Short on time? Here are the highlights:
- After all of the disruption of the pandemic, many educators have questions about the continuing potential of the Chinese market
- While demand is shifting and the composition of the Chinese market continues to change as well, it remains, as one expert observer explained recently, an “indispensable recruitment market”
The following feature is excerpted from the 2021 edition of ICEF Insights magazine and is reprinted here with permission. The entire issue of the magazine is available to download for free at icef.com.
We have all heard about the changing demographics, increased domestic higher education capacity, and political factors contributing to the slowing of Chinese outbound travel to Western destinations. Many institutions are also reporting recruitment challenges in the form of Chinese families’ reluctance to send their children abroad in the pandemic. But as David Weeks, chief operating officer at Sunrise International Education (a company specialising in media, localisation, and programming for the Chinese market), said at the American International Recruitment Council (AIRC) annual conference late last year, China remains an “indispensable recruitment market.”
This is partly because of its size and substantial population of affluent middle-class families, and also because, as Mr Weeks noted, “Chinese students still want to study abroad because of the many disadvantages of China’s domestic university system.”
A 2021 report from market research firm Bonard and Beijing Overseas-Study Service Association (BOSSA) concurs with Mr Weeks: “A common question is, ‘Has the current situation affected Chinese students’ desire to study abroad and has the pandemic led to any shift in favoured destinations?’ Our answer is [that] the desire for study abroad isn’t going anywhere. As a matter of fact, it will stay on an upward slope.”
The report cautions, however, that “the secondary education market, summer camps, and short-term programmes abroad are taking major hits.” While the South China Morning Post (SCMP) reports that the Chinese government is planning to “build ‘a mechanism’” to dissuade Chinese children from going abroad for education, the fact remains that the competition for school places in China is so fierce that demand for overseas study will remain, especially after pandemic-related travel restrictions ease. As the SCMP notes, “In major Chinese cities such as Beijing and Shanghai, fewer than 60% of junior high school students are admitted to a senior high school.”
As for higher education, Mr Weeks told the AIRC audience that the following fundamentals ensure China remains fertile ground for recruiting:
- 130 cities have populations exceeding one million;
- The middle class is growing fast, especially in Tier 2 and Tier 3 cities;
- The secondary school system is massive, with more than half a million students in international K–12 schools;
- China’s economy is rebounding from the pandemic-related contraction in 2020.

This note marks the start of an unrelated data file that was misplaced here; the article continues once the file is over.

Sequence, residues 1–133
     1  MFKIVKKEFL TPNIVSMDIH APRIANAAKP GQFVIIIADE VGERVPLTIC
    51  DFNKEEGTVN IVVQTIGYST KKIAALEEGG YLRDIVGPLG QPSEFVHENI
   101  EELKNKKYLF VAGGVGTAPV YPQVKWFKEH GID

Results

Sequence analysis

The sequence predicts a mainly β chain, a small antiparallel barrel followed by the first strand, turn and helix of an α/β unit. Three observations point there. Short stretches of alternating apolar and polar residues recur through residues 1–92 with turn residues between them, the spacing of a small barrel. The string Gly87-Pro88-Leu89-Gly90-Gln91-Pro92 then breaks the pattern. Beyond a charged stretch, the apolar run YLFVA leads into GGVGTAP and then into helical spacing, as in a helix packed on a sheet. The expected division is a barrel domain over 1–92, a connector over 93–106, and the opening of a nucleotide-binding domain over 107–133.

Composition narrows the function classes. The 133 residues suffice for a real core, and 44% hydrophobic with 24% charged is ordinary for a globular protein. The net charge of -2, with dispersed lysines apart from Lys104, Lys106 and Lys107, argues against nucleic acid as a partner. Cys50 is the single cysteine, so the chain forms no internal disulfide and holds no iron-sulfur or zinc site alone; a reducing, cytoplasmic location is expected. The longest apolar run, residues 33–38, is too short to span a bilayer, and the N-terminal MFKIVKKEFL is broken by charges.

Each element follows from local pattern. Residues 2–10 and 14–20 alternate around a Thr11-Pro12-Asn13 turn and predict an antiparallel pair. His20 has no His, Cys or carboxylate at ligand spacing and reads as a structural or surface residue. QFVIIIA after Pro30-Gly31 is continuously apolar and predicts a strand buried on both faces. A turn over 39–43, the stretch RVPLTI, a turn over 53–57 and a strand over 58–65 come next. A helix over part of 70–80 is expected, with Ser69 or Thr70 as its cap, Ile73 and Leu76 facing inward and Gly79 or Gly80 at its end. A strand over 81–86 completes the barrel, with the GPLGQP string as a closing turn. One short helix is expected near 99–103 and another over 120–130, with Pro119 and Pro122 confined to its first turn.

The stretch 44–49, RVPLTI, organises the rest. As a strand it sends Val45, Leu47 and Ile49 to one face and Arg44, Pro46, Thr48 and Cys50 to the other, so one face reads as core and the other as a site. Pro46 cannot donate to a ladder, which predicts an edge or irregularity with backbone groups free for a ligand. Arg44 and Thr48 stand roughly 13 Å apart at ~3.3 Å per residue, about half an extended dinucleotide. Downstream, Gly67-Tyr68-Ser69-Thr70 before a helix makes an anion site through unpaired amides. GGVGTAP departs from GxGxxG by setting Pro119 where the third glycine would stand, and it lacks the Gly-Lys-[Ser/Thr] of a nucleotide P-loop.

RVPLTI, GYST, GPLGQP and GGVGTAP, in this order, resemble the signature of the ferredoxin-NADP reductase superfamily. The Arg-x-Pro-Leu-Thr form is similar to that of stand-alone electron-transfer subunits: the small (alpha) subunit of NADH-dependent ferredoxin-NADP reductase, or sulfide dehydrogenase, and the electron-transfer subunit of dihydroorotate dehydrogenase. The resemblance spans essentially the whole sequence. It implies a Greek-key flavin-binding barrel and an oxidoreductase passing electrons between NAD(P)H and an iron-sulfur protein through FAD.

“No next China” to fall back on
In a June 2021 article in Times Higher Education, the British Council’s Matt Durnin argues that for most institutions, the Chinese market remains essential despite the country’s more challenging recruitment environment. Institutions can and should diversify for a number of reasons, but as Mr Durnin says, “There is no ‘next China,’” in terms of the market fundamentals required for sheer outbound numbers. India might eventually prove as fruitful, but not until its development and economic growth improve substantially.
Mr Durnin acknowledges that recruiting in China may feel “sluggish” at the moment – but only in the short term: “Over the medium to longer term … we are likely to return to the pre-pandemic trend line.” His advice to institutions is to “make a clearer case for their return on investment, particularly in terms of employability. This will mean investment in career services and links to Chinese employers.”
Ten ideas for recruiting in China right now
1. Nurture your network of schools, agents, and alumni
Tight pandemic border restrictions mean that travelling to China is virtually impossible at the moment. Increase communications, provide more resources, and if possible, offer more incentives. Sending alumni and/or in-country representatives to well-attended college fairs as representatives is a great idea, as peer-to-peer influence remains strong.
2. Enlist the help of satisfied current students
Testimonials are powerful tools to break through to Chinese prospects considering an increasingly wide range of destinations and institutions. Locate students whose experience with your school has been positive even in the pandemic, and ask them to share their perspective with families in China.
This could be crucial given the many Chinese parents who have indicated in global surveys that they are especially worried about their children’s safety or the possibility of discrimination or racism in study abroad destinations.
Current students can also play a role in your online webinars for Chinese prospects and their parents. Many parents won’t be at all fluent in English, and your students can speak to them or can translate into Mandarin.
3. Adapt online content for China